Friday, July 23, 2010

Trout's Eye View

If you ever find yourself in dire need of kicks, giggles, and a rousing good time - get out and take some underwater photos of a dry fly that is drifting with the river's current from a rising trout's perspective.

Oh, sure, there are some technical challenges but who doesn't love a good case of galloping trapezius spasms?

Underwater Stonefly Vertical

Drifting Stonefly

Friday, July 16, 2010


For those with Attention Deficit Disorder, I am offering this review summary:

Go out and get yourself a Sage Bass rod.

You may reply (with the appropriate expression of trout snobbery):

"My good man, I do not like to fish for bass.

I do not have flies in my box...

The size and shape of a fox.

I do not chase bass here nor there,

I do not baitcast anywhere!

I will not throw a muskrat mouse,

There are no poppers in my house!

I do not chance to fish for bass,

Green big-mouths can kiss my @$$."

Well, GET ONE ANYWAY. You will take it on a train. You will carry it on a plane. You will pack it here and there. You'll end up casting it everywhere.

It has been a long time since a fly rod has put the type of smile on my face normally reserved for children under the age of 8 on Christmas morning.

Adjectives like fast, smooth, precise, powerful, accurate, or light weight tend to surface during most initial casting sessions, but rarely the type of spontaneous FUN that I experienced fishing the Sage Bass lineup.

There is something about a short (7'11") fly rod that was unexpected when coupled with a lot of backbone (the Smallmouth is probably best described as an 8/9wt, and the Largemouth is even more stout). I've fished plenty of short rods, but they tend to be delicate little 3-weight jobs designed to land spore-sized flies with nary a ripple on the pristine surface of a mountain stream.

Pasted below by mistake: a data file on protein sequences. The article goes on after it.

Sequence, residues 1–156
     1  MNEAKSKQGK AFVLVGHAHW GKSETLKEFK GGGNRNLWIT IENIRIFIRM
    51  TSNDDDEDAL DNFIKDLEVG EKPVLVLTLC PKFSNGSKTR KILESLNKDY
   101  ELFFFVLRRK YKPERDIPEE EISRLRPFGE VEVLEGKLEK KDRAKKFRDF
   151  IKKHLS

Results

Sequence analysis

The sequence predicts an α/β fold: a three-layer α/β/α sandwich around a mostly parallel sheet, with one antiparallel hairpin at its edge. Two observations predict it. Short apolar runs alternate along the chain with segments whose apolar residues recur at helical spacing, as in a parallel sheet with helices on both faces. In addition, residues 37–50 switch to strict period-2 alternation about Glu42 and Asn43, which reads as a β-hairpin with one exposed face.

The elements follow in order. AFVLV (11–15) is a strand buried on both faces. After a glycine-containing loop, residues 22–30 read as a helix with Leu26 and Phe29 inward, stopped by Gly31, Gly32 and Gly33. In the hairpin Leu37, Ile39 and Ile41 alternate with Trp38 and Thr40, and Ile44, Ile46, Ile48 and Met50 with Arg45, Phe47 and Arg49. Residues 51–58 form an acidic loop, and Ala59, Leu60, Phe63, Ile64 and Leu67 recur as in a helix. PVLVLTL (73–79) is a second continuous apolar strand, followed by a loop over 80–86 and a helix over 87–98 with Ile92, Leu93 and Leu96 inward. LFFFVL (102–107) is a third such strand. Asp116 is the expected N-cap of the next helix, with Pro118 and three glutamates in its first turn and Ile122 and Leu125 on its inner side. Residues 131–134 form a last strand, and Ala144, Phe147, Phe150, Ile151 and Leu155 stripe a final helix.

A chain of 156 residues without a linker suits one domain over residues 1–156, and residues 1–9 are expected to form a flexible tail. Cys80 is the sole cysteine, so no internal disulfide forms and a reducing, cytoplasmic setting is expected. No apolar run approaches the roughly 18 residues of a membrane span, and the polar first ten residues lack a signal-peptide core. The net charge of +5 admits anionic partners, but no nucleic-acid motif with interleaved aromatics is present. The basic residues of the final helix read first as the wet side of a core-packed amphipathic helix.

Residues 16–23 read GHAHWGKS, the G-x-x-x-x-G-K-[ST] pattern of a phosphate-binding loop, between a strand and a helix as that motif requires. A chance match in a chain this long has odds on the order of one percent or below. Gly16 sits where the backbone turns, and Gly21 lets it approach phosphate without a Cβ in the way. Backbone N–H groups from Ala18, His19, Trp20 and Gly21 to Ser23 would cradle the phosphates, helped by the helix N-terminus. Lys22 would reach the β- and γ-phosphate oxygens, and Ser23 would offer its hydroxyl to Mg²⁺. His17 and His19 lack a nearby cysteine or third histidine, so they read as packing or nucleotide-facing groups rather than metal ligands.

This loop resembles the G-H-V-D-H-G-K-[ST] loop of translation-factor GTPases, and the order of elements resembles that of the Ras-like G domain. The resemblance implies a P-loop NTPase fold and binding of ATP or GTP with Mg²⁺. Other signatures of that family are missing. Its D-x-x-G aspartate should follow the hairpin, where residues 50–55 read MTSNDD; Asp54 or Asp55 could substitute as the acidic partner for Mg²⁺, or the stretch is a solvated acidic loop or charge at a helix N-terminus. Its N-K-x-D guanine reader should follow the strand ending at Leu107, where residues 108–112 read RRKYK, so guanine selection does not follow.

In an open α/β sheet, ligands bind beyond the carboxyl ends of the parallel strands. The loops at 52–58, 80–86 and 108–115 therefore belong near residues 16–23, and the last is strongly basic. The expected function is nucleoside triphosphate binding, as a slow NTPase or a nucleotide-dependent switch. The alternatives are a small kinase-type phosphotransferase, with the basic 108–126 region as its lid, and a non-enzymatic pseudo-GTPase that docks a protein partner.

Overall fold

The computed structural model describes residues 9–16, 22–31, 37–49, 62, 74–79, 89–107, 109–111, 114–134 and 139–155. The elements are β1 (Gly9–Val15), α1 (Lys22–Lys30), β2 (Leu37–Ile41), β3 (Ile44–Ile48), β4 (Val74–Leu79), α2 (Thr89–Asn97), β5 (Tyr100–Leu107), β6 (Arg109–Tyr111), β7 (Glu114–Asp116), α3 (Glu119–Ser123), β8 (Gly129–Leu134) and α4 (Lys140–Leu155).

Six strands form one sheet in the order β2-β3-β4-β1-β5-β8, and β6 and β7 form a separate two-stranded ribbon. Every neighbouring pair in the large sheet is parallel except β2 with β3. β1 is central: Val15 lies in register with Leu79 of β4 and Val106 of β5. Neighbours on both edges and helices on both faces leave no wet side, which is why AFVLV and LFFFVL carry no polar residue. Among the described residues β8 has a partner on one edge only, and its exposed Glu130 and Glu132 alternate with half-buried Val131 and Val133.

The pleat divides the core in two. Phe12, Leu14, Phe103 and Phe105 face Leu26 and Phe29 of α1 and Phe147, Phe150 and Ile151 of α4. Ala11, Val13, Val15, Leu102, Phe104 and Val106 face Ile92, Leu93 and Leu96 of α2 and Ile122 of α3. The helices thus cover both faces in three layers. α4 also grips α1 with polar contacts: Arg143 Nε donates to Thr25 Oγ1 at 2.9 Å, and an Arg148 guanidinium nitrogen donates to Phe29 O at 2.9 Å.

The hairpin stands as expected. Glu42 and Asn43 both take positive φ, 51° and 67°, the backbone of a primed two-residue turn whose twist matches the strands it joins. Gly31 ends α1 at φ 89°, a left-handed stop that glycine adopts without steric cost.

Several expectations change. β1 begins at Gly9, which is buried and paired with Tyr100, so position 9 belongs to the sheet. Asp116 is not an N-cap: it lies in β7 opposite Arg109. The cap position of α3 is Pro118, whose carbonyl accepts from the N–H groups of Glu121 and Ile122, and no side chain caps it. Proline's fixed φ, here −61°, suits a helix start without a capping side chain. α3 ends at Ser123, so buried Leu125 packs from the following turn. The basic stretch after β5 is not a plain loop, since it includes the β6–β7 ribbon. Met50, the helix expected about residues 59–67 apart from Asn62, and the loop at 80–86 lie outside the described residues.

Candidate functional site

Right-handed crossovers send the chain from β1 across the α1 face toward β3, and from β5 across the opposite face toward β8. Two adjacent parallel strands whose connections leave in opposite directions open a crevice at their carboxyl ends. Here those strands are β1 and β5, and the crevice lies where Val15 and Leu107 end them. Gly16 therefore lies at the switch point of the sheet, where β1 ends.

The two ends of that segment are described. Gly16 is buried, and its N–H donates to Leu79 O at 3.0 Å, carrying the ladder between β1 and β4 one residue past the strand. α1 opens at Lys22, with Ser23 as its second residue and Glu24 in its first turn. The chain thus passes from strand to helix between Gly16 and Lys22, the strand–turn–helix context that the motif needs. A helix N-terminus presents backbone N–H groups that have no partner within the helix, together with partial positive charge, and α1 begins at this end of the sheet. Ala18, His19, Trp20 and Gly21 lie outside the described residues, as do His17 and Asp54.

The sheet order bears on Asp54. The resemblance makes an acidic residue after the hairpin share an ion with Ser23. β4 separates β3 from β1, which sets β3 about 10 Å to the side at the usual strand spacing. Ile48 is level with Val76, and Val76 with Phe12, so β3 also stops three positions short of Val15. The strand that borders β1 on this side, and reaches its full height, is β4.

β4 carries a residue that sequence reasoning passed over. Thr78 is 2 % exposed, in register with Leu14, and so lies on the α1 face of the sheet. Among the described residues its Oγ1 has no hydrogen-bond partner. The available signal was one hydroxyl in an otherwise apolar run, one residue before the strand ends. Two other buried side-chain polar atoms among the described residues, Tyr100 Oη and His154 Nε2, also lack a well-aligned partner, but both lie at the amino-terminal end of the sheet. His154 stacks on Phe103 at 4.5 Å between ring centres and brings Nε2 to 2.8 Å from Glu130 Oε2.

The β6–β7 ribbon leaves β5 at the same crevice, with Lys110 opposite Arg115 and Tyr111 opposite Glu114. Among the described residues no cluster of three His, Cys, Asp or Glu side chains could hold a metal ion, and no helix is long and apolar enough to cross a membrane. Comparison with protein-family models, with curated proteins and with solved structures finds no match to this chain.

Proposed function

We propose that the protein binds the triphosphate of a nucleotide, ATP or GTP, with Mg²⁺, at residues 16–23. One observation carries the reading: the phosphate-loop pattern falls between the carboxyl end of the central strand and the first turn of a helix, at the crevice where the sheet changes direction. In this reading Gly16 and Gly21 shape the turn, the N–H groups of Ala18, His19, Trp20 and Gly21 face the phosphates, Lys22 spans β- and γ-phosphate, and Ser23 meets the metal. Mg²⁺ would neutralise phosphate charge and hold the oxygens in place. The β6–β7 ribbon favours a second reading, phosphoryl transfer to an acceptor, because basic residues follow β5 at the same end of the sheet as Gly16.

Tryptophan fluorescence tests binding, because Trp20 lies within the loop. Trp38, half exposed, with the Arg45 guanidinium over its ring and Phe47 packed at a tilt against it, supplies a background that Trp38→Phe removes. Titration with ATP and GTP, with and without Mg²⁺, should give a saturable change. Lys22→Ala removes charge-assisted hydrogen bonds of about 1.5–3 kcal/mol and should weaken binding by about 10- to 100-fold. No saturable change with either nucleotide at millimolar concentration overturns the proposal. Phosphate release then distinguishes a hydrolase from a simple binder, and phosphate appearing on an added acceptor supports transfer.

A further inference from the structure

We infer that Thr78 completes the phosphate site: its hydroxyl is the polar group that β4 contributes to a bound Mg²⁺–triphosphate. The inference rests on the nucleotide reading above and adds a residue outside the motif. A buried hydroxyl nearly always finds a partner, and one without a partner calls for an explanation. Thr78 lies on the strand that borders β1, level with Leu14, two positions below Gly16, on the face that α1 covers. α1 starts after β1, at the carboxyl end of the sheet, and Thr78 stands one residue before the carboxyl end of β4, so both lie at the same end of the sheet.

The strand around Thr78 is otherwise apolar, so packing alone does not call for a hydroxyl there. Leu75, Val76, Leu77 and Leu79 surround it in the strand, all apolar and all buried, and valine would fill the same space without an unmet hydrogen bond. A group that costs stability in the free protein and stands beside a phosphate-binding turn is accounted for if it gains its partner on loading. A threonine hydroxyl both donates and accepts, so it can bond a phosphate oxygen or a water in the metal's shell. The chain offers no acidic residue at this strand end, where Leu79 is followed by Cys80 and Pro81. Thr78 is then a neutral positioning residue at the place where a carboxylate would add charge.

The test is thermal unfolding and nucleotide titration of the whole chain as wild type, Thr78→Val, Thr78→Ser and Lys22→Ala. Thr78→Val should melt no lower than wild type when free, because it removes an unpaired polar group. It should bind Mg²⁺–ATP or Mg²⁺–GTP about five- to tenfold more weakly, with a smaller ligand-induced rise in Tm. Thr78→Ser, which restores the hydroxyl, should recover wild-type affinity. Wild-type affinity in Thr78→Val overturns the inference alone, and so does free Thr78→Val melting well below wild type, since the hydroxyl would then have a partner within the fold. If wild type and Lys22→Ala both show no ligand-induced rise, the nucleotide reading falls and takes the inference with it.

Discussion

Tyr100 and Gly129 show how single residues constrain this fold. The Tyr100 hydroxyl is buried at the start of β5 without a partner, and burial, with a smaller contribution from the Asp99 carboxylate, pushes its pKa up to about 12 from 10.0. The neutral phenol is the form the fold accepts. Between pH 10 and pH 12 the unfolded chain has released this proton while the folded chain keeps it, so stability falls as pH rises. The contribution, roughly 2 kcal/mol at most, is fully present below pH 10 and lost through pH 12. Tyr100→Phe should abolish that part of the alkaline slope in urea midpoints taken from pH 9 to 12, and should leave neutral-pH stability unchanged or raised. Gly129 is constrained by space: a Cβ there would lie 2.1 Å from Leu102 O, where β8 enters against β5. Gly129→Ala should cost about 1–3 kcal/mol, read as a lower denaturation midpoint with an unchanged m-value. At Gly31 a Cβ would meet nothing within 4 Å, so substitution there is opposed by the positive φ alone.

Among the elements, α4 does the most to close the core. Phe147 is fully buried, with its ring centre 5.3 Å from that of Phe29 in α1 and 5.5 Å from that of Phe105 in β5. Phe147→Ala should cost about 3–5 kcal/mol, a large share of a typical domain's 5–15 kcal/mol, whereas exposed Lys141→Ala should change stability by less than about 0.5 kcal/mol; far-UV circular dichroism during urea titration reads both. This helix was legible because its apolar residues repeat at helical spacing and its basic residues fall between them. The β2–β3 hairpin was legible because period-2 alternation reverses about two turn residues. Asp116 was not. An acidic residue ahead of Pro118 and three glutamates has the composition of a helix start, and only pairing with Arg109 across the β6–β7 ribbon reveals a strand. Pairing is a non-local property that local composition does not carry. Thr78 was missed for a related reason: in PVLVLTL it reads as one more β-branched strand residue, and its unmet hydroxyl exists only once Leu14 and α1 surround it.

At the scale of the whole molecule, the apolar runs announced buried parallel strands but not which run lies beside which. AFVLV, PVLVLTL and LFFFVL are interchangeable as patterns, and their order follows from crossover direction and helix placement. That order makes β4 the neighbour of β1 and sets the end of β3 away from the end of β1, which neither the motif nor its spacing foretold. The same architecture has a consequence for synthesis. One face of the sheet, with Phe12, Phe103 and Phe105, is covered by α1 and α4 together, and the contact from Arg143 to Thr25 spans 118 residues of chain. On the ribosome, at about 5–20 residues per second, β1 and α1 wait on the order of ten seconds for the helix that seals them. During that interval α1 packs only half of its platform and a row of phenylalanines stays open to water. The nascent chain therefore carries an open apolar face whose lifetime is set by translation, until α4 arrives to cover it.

The BASS series stands apart. These rods are at home flinging flies the size of a pygmy marmoset through the atmosphere and splashing them down with pinpoint accuracy on the exact lily pad that is covering a mouth cavernous enough to consume it.

Sage 6080 & Bass Smallmouth Angled

If you are interested in the BASS sticks, you probably already know that much. There are plenty of reviews and videos provided by the retail industry that talk about the strengths of this rod family. They will all tell you that the length and taper produce accurate, short to medium length presentations with a minimum of false casting. It's all true.

Sage provides a nice package too, with an embroidered rod/reel case and a line that has been custom designed for the rod of your choice. When comparing prices, keep in mind you are getting a premium line and very nice combo tube as part of the deal.

Sage Performance Bass Taper

The color scheme is eye catching too, and there is no mistaking the BASS lineup on the water.

Sage Bass Smallmouth & Perch Fly

Oh, and I almost forgot, you can catch bass with them too.

Sage Bass Flyrod & LMB

What you may not know is that despite the all-caps BASS insignia, this platform is really flexible and will surprise you with its non-bassy capabilities.

First of all, these rigs have leverage. If you are chasing anything where structure poses a problem, you'll dig these sticks. Among the applications where BASS rods are getting traction: Snook, baby tarpon in the mangroves, pike, muskie, salmon, and more. There is a lot of fighting and head-turning power in this kind of stump puller.

PLUS, they roll cast like CRAZY. There's a place I fish chironomid rigs for trout, with a 1" diameter slip indicator, droppers, and a long leader. The bank is very steep and back casts are Hell's own fun. The Smallmouth turns over the whole setup beautifully while maintaining respectable distance by taking advantage of the short rod's compact roll casting stroke.

The Sage BASS TORQUE Series. Not just for bass anymore!

Popper on the Slats

Support your local fly shop and pick one up at a Sage dealer near you, or check out RIVERBUM if online shopping is more your style.